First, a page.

NEW YORK (AP) — The Radio City Rockettes will be dancing at President-elect Donald Trump’s inauguration next month, but not everyone is kicking up their heels at the booking.
One of the famed dancers took to Instagram to say she was “embarrassed and disappointed” by the gig, triggering calls for a boycott by some on social media. Critics have posted the phone numbers of the dancers’ union and the Rockettes’ employer to urge complaints.
But Madison Square Garden Co., which employs the dancers, said Friday no dancers are being compelled to attend the event.
“For a Rockette to be considered for an event, they must voluntarily sign up and are never told they have to perform at a particular event, including the inaugural,” the company said in a statement. “It is always their choice. In fact, for the coming inauguration, we had more Rockettes request to participate than we have slots available.”
Many on social media believed attendance was mandatory, including Julissa Sabino, a performer who is part of the union, who tweeted that the issue “breaks my heart” and urged supporters to “help these ladies.” Autumn Withers, a former Rockette, supported a boycott, saying “take a knee, ladies!”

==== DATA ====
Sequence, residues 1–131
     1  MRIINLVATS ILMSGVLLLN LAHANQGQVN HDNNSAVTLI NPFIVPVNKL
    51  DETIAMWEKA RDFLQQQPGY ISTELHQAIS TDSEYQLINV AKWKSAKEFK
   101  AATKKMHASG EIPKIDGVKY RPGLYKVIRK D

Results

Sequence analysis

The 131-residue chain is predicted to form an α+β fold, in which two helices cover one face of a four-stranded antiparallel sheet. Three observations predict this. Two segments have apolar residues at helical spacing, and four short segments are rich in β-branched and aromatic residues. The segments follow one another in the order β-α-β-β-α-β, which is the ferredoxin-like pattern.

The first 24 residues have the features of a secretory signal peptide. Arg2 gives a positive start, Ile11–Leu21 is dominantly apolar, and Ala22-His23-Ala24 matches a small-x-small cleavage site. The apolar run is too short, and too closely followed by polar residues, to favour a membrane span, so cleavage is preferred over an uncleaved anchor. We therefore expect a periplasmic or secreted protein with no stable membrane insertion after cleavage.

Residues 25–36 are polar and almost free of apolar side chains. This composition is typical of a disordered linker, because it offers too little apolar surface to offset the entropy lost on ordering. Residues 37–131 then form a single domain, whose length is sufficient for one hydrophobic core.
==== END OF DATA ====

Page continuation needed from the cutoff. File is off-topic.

The American Guild of Variety Artists, which represents the Rockettes, has not publicly responded. Many Rockettes — there are 80 women employed for the Christmas show, split into two casts — are employed year-round and also appear in a summer show that debuted this year.
The Rockettes, who have performed at Radio City Music Hall since the 1930s, have previously appeared in Super Bowl halftime shows, Macy’s Thanksgiving Day parades and George W. Bush’s inaugurations in 2001 and 2005.
The dancers who choose to attend will join The Mormon Tabernacle Choir at the swearing-in ceremony on Jan. 20. Earlier this month, Trump’s inaugural committee announced that “America’s Got Talent” star Jackie Evancho will be singing the national anthem at the ceremony.
The presence of the Mormon Tabernacle Choir, which has performed at several past inaugurations, hasn’t been met with universal applause.
Former choir member John Bonner, for one, said he was shocked and upset when he heard the news.
“I expect the church to stand on their moral high ground,” Bonner told KUTV in Salt Lake City. An online petition calls on the group to re-consider.
The Church of Jesus Christ of Latter-day Saints acknowledged that the response to the announcement has been mixed, though church spokesman Eric Hawkins said in a statement that the appearance is a demonstration of support for the office rather than party affiliations or politics.
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